Haven’t you visited a place where you could almost feel the portal between the present and past…where memories lingered so heavily…you actually felt the weight of the past living on in an historical period around you?
You might remember that Karen White’s latest book (The Sound of Glass) has become my first spring/summer read this year. Actually I am still reading it…purposely limiting myself to only a couple of chapters a night because I don’t want to finish it.
Beaufort is the setting in this novel. One particular day some of the key characters travel 17 miles north of the town to visit the Church of Prince Williams’ Parish (better known today as the Old Sheldon Church Ruins.)
I, personally, have visited it several times and always walk away from the old ruins feeling a sense of history but also a sense of sadness. Today all that remains is the outer walls and brick pillars.
The church burned twice: First by the British Army in 1799 (American Revolution) and then by Sherman’s union soldiers in 1865-the last months of the Civil War.
It is a place where one would expect ghost stories to linger…and there are a few. The most famous ghost being that of Ann Bull Heyward…who supposedly returns attired in a plain, brown dress to watch over her baby’s grave.
In the novel…Loralee, when asked by her ten year old son if the ruins are haunted…shakes her head but thinks to herself:
“It’s not only ghosts who haunt us. Our memories follow us through life, surprising us now and again when we are forced to turn around and look behind us.”
Over the years…the branches of the surrounding oak trees have moved closer and closer to the ruins. Merritt (another character in the novel) observes:
” The branches of the encroaching oak trees resemble sweeping shawls of moss.”
“It is as if the oaks have grown closer to the church over time to protect it with their long arms, like a mother shielding a child.”
Loralee wonders as she looks up at the open sky whether “prayers might get to heaven faster without interference from a roof.”
I remember sharing that same thought as I wandered within the ruins in all its open-ness the last time I was there. I couldn’t help but be impressed by the fortitude of the old church…burned twice and still standing proudly with all its scars intact. Scars do let us know the story of where we have been and what we have endured…doesn’t it?
The fictional character, Loralee, has left me with one memorable thought that I underlined in the book and *** starred several times. An important observation on life….
“Every time we remember something, we aren’t remembering the event, itself, but recalling the last time we remembered it. It is our way of creating filters between our past and present, creating what we choose to recall and what we would rather forget.”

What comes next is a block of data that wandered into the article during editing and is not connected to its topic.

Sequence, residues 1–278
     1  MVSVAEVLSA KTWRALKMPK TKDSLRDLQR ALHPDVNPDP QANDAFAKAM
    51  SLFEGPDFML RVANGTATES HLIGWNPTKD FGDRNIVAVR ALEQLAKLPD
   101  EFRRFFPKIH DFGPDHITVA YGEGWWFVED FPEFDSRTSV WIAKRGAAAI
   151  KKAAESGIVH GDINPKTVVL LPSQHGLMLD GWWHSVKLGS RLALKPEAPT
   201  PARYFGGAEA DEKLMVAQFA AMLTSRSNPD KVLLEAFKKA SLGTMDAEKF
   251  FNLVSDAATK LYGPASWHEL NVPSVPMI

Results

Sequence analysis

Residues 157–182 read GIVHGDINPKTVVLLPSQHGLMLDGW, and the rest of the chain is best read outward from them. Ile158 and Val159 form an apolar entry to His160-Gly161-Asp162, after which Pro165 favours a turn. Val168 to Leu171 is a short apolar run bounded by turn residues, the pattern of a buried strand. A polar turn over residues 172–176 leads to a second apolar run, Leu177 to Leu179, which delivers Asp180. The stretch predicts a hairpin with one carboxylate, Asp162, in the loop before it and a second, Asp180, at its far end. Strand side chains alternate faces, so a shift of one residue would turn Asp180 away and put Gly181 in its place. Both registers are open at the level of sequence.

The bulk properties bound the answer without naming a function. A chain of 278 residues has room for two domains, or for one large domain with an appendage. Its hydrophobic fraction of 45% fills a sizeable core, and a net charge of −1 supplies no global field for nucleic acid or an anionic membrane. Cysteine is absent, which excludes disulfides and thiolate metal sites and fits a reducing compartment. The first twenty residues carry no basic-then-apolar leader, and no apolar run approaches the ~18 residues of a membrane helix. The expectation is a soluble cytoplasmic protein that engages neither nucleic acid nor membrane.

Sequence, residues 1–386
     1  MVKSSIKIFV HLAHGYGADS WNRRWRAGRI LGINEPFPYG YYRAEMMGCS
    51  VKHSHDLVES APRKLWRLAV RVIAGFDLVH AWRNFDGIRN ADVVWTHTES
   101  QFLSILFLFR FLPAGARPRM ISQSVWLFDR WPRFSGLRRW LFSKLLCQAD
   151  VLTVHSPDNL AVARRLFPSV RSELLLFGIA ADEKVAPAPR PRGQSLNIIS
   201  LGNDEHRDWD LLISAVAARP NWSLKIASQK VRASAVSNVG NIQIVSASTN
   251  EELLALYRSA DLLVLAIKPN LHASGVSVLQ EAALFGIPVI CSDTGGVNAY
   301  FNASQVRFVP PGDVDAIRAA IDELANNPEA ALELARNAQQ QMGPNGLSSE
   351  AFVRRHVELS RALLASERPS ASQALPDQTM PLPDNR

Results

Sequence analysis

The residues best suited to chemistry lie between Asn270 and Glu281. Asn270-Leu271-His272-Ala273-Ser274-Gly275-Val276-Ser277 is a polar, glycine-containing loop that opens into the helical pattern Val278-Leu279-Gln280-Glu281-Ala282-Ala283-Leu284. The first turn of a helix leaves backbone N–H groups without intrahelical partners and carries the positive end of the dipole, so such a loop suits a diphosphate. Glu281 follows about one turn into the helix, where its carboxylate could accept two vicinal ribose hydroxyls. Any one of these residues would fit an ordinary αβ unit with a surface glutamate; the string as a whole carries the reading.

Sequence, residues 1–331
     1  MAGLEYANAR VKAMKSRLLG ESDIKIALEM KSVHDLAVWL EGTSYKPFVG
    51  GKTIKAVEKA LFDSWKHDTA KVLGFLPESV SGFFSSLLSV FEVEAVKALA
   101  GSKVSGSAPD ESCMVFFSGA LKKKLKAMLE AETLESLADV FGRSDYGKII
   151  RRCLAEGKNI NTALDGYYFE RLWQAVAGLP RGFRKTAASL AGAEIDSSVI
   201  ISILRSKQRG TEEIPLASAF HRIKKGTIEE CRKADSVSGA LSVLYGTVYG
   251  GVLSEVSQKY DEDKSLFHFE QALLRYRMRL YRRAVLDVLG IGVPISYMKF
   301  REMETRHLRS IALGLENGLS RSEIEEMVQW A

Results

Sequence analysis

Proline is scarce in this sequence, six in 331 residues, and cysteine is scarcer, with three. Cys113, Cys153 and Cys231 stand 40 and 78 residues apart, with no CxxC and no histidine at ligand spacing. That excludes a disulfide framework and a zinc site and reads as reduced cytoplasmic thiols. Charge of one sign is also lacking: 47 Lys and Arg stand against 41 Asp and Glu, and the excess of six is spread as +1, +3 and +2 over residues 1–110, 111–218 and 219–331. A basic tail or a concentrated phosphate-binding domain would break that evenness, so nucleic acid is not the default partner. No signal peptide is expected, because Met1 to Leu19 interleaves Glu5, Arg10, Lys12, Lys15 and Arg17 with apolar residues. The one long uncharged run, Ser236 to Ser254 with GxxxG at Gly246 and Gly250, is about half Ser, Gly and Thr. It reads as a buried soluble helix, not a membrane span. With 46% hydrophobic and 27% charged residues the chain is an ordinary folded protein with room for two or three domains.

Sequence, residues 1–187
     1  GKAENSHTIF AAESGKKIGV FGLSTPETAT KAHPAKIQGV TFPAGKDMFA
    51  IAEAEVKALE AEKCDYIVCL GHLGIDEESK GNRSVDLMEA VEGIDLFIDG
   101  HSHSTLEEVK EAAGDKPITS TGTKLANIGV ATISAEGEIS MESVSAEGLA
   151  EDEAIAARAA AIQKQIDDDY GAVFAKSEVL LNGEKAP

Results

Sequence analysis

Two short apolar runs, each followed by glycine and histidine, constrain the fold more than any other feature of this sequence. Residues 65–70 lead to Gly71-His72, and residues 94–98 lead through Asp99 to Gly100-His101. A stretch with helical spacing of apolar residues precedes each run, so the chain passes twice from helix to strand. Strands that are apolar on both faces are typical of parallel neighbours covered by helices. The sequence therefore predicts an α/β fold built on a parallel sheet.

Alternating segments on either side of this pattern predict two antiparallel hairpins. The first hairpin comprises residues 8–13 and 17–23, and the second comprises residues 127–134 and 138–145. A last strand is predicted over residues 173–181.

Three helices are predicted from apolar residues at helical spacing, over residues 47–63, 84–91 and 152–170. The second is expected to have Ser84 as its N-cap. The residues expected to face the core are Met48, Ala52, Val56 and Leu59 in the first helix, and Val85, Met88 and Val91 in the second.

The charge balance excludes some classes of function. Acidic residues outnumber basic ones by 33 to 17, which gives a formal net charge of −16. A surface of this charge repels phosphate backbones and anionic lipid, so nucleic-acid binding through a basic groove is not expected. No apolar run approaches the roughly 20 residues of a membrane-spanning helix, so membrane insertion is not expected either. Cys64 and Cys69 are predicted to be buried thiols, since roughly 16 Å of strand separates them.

How true. No matter how devastating a memory…over time we slowly begin to remember it differently… than the actual event as it happened.
Perhaps God purposely puts filters in our memories to keep the portal closed between past and present so we can let the past go and live in the moments of the present. The weight of the past would be too heavy for us to carry on our life’s journey so God takes it from us and gives us a little nudge to continue down our pre-ordained paths.
If you get a chance, take a little history jog to the Old Sheldon Church Ruins… embrace the beauty and nostalgia of this proud church’s story… because it is our story too.
“Today is my favorite day” Winnie the Pooh
* Harriett Edwards had a brunch yesterday morning on her deck/porch overlooking her garden filled with beauty and serenity. There were four of us, a delicious buffet-Harriett is quite the cook…. It looked like a scene from Southern Living.
It was Harriett who gave me the iris and lily bulbs that have produced the most exquisite beauty this year for me…it was the gift that keeps on giving. Thank you, thank you, thank you Harriett.
Besides being a great cook…look at this rug Harriett made for the latest addition in the family.
Beautiful table setting…actually just beautiful setting all together. We had so much fun catching up…because even though Summerville has changed from a sleepy little town (when we all started teaching back in the early 70’s) to a bustling Big Town…(trying to avoid the word city) the educational family remains a close and small-knit community.
Perhaps the cute hand towel in Harriett’s restroom sums it up best:
* “Sweet Sis” Kinney emailed me last week to let me know she was sending me something that she knew would catch my interest. Yesterday it arrived….a copy of Our State Magazine (North Carolina) with an article in it about St. Jude’s Chapel of Hope.
It certainly did…because the author (Jimmy Tomlin) experienced the exact same feelings of elation, peace, and curiosity as I did.
“The peace begins to envelop me as soon as I get out of my car. Leaves wave gently in the breeze, and a creek running behind the chapel offers the soothing sound of rushing water.
Inside the chapel, sunlight filters through several stained-glass windows and illuminates the room. Four wooden pews, each bearing a cross in the seat back, provide seating for eight visitors. A kneeling bench sits at the foot of the altar, where visitors can find a Bible, a hymnal, or prayer book.
What really grabs my attention is …the altar, if you will…that’s overflowing with all sorts of trinkets and mementos…”
*(If you remember…it was the altar/table filled with personal mementos that actually started the blog. I wanted to know WHO left them and WHY…that mystery remains a mystery, instead the blog began to embrace all of God’s mysteries in our daily lives.)